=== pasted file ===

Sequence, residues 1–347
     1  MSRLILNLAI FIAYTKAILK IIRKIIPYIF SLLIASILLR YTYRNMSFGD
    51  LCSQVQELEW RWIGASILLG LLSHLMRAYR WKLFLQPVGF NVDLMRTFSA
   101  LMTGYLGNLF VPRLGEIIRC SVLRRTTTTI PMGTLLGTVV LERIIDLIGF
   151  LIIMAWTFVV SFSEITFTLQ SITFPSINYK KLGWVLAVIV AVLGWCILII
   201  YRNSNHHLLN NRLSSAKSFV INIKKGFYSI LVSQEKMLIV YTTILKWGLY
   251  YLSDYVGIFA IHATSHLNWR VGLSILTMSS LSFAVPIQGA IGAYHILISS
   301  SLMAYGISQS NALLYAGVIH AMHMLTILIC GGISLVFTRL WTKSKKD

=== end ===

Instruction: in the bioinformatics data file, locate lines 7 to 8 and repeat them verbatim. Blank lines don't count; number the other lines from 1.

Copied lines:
   251  YLSDYVGIFA IHATSHLNWR VGLSILTMSS LSFAVPIQGA IGAYHILISS
   301  SLMAYGISQS NALLYAGVIH AMHMLTILIC GGISLVFTRL WTKSKKD